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Old 09-21-2018, 08:37 AM   #1
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Manual Shifting ASI transmission

Hey All,

I’m curious how many of you AI owners manually shift your transmission?

Upshift, downshift

Utilizing engine braking down a steep grade?

And if so, how often?

Hourly?
Daily?
Weekly?
Monthly?

Never?
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Old 09-21-2018, 08:52 AM   #2
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Often. On long upgrades, and to control speed on downgrades. Some of the OBD monitoring devices, in my case Ultragauge, can show “engine load”. I downshift when it hits 85% on a long upgrade. There is some discussion of this on https://sprinter-source.com/forum/ which is dedicated to Sprinters of all varieties.
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Old 09-21-2018, 09:14 AM   #3
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Seldom.

I used it initially to be sure of how it worked, but in 20 months, I have only downshifted one time and that was on crossing the mountain at 3 Sticks in eastern Oklahoma. Some really steep grades with switchbacks on the north side.

I came down that mountain behind an 18-wheeler who was burning his brakes to the degree that we could smell them burning a hundred yards back. I kept waiting for him to lose it and pile up on a curve, but he made it down safely. By downshifting, I barely needed to use my brakes.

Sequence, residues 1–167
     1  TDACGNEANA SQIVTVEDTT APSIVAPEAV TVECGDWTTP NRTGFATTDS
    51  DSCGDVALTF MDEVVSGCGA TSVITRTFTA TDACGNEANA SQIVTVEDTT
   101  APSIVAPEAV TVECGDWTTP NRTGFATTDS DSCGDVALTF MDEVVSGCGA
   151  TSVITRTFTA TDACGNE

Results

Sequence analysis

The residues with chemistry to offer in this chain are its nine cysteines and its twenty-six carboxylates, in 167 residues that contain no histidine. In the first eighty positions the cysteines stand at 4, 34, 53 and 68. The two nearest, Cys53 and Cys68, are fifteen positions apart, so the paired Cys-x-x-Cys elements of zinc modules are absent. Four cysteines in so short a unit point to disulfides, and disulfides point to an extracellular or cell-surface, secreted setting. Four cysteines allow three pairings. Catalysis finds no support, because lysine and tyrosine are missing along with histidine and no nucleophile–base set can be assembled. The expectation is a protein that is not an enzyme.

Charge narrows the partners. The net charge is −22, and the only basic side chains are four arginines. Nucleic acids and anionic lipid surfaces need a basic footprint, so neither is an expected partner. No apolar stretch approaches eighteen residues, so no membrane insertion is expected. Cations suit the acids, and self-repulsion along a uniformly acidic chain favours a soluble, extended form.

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Old 09-21-2018, 09:49 AM   #4
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Quote:
Originally Posted by ScottP View Post
Hey All,

I’m curious how many of you AI owners manually shift your transmission?

Upshift, downshift

Utilizing engine braking down a steep grade?

And if so, how often?

Hourly?
Daily?
Weekly?
Monthly?

Never?
SCOTTP - Same answer as JOHN. Only difference in my case is I use it at least once or so every trip, only to test things out. Ok, admittedly sometimes just to "play with the equipment" and pretend I am in a nimble Porsche Tiptronic . . . the closest I will ever be to driving a Porsche. On very rare occasions when I don't feel like tapping brakes and unduly scare traffic behind me. Some grades like Cajon Pass near Victorville, Townes Pass in Death Valley, Kingsbury Grade near Lake Tahoe, Carson Pass near Markleeville - all can propel me to 85mph if I don't downshift. Very well managed descents in a car as they are non-technical descents but need manual intervention in AI.
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Old 09-21-2018, 03:44 PM   #5
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I manually downshift on all steep descents and sometimes on ascents when I've lost patience waiting for the auto downshift to occur.

I've also been more and more doing the 3-second hold-to-lock into manual at stop lights. The AI always auto-shifts into Second without a proper torque converter lockup in First. This produces two undesirable results... anemic acceleration due to arriving in second at too low RPM (it seems to skip right over First and dumps me into Second)... and... if I'm needing some acceleration at that precious moment, I've been feeling shuddering of the transmission, like it's laboring (hopefully not having real internal issues).